Sorry for the skip last week. I work nights and have a fair amount of unstructured time, so I usually write. However, last week work (and life) caught up on me a bit. Many apologies!
While I still didn’t meet my goals from two weeks ago, I have continued to chip away at my projects.
Over the last two weeks, most of my “choice” reading was jumping here and there in E.R. Eddison’s The Worm Ouroboros. It’s a novel I’ve admired ever since I read it last summer for its unabashed vigor and love for archaic styling. The chapter I chose to focus on while revising my Jiharel chapter was “Koshtra Pivrarcha,” the story of how two Lords of Demonland, Juss and Brandoch Daha, climbed the greatest mountain in their world. It’s a spot in the story that really stuck in my memory, so I thought it worth going back and trying to figure out why.
Spoiler: I haven’t. I found myself sinking into Eddison’s prose as if I’d never left, but I’m still not sure what made this part of their adventure so memorable, so striking. A large chunk of it must be due to realism – Eddison was a climber, and draws heavily on his experiences in the Alps while describing the rock faces and the ravines and glaciers the Demons traverse – but my gut says there’s something about his language that I haven’t quite nailed down, yet. Something in the way the character’s lofty speeches interact with Eddison’s narration of the mountains. There’s a lot of things combining together here, and I don’t suspect I’ll untangle it for a long time.
Apart from re-reading sections of the Worm, I’ve also gotten back to my re-read of The Hobbit. I’ve shifted a bit more into reading for pleasure (leaving the Worm for analyzing), but trying to do so more slowly than is my wont, so that I pick up more of Tolkien’s rhythms and diction. Absorbing it, rather than studying it.
My reading goal for this week is going to be finishing The Hobbit. I’m fairly close. After that, I’m thinking to read the next book from my LeGuin anthology, Planet of Exiles, but really, we’ll just have to see what happens.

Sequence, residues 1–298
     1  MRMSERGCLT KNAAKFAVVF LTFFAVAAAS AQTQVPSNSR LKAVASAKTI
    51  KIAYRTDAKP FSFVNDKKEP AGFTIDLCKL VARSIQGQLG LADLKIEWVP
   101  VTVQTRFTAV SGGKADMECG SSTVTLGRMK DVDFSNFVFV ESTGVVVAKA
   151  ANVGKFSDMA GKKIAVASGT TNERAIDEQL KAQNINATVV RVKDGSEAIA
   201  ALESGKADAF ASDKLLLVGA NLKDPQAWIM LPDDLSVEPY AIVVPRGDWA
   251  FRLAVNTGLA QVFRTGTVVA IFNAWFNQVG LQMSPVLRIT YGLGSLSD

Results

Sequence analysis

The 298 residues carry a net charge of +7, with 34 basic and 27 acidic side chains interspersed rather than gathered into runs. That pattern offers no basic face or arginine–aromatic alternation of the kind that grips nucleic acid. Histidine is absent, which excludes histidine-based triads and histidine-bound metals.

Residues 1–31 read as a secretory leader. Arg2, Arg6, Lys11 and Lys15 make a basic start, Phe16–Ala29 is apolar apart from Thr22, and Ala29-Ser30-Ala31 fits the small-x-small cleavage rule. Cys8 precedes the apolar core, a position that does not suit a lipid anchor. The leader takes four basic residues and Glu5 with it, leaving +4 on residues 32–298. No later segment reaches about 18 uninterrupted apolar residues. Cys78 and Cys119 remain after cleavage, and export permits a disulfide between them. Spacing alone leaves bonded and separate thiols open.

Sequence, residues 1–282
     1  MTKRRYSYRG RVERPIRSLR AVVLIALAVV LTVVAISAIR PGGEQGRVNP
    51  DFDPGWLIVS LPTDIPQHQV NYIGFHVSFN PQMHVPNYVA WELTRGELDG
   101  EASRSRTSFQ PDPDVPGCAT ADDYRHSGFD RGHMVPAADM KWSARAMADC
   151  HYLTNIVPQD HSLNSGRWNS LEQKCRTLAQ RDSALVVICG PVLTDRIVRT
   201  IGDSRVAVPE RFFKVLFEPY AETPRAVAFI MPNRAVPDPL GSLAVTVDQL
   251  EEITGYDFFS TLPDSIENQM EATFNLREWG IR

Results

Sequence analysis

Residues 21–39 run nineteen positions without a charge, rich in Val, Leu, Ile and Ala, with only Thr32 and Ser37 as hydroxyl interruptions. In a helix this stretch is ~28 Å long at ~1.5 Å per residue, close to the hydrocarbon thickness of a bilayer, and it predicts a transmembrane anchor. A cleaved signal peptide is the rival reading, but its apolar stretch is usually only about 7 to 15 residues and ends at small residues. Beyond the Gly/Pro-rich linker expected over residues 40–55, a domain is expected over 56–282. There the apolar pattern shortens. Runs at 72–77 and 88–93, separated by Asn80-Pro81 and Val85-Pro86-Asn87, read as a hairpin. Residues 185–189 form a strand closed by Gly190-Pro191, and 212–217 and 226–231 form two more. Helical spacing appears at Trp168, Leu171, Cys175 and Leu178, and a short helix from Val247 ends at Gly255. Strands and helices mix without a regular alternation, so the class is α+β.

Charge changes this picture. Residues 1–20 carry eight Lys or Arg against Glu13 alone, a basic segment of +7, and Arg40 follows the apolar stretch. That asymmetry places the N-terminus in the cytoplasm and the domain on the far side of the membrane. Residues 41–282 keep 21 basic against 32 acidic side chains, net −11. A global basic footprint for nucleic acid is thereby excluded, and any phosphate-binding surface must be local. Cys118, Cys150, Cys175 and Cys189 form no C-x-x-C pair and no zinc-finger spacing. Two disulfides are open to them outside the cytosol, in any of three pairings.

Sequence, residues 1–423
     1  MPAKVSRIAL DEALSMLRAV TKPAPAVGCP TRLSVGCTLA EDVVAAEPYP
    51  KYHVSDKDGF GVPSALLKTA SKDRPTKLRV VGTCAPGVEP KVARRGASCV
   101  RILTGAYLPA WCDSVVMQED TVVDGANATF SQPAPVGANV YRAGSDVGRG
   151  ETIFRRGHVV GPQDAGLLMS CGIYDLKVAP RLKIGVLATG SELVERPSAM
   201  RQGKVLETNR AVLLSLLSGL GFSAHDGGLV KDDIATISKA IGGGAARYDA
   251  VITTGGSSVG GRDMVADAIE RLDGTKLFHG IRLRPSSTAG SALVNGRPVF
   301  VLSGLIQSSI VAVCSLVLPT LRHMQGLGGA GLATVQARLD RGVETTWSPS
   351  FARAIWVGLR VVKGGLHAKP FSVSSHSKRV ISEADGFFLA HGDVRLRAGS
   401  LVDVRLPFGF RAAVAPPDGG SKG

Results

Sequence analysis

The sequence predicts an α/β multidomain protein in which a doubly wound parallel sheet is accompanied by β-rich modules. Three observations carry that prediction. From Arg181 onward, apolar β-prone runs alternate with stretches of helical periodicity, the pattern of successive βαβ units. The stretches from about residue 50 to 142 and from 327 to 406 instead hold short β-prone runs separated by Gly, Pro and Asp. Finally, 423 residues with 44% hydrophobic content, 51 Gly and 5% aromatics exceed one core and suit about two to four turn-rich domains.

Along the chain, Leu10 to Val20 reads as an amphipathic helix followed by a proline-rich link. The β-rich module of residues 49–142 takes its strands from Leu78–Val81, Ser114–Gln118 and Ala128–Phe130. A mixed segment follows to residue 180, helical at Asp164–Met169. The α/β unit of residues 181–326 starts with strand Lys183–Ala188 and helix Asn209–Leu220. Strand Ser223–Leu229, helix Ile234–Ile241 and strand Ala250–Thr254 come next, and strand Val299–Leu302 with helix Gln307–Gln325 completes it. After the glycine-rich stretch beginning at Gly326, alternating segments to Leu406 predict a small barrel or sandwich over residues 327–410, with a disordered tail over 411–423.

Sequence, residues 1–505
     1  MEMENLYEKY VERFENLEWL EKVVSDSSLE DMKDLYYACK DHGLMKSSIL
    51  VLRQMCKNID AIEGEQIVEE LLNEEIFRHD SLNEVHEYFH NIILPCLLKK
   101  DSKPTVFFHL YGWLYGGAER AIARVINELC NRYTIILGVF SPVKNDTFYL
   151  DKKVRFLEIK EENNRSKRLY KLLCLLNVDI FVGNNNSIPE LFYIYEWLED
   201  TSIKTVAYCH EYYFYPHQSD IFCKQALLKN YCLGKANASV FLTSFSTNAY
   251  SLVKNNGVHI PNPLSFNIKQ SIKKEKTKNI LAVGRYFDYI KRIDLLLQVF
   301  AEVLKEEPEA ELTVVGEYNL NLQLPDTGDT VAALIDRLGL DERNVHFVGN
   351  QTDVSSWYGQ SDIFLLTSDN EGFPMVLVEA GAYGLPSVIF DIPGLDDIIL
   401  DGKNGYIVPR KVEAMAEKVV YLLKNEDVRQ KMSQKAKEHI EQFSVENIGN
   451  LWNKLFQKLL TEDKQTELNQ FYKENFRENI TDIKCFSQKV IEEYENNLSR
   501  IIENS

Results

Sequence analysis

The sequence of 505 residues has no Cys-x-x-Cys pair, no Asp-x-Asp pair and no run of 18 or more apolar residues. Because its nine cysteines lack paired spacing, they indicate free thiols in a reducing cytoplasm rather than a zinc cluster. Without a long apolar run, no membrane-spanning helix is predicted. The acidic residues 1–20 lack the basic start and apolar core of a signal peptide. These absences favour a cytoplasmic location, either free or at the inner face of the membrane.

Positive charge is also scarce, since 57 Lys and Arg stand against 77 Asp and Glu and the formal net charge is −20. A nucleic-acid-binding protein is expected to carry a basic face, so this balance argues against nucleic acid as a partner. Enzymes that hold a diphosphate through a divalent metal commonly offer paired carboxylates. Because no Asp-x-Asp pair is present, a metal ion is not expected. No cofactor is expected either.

Once again, I’ve failed to write every day. I honestly didn’t keep track much the second week, but the first week I think I wrote five days once again. This is something that’s going on the “goals” list again. Writing seven days a week is something I can do, I just have to, y’know, do it.
However, I’m not going to be working on “Fisherman” this week.
As any of you who read this blog frequently might know, I enjoy tabletop games – things like Dungeons and Dragons (D&D), Pathfinder, RuneQuest, and so on. While it’s not an area I’m terribly proficient in, I’d like to explore writing for game design at some point. I’m meeting up with some friends to run a long session of Pathfinder in a few weeks, and it seemed a great time to start working on a gaming setting based on Akhelas, the world Jiharel is set within.
I really like thinking about worldbuilding from the perspective of gaming, moreso than a novel. With a novel, you really only need to think about things which directly or indirectly impact the story. Games like Pathfinder, properly run, are like gigantic sandboxes where the players can run amok, exploring nooks and crannies of your imagination and generally getting themselves into trouble. You have to think in a different way, on a different scale, when designing worldspaces for tabletop players. You have to make extra contingencies – what if they go west instead of east? Get to the mountain and then say, “Nah, I don’t really want to climb that. Let’s find a new route.”
I’m inclined to think that a good, thoroughly designed gaming world has more reality than many novel worlds. (And, of course, as a fan of fictional worlds I just LOVE when authors have both gaming settings and novel settings interconnected.)
I’m placing this gaming setting a few hundred years before the events of Jiharel. The city of Jiharel exists, but the antagonist empire hasn’t formed yet. A few cities and towns haven’t been built, or re-named, and some haven’t been destroyed. Running this game ought to be a fun way to flesh out the history, landscape, and religions of Akhelas.
So, my writing goal for this week is going to be working on the Akhelas Pathfinder Setting every day.
Last Week: Well, two weeks ago, my goals were to write every day, and to finish revising my excerpt from Jiharel. I finished the revision – and managed to do some reading as well – but didn’t hit my writing goal.
This Week: I’m going to write every single freaking day, and I’m going to finish reading The Hobbit. I’d like to have moved on into another book as well, but we’ll see if that happens.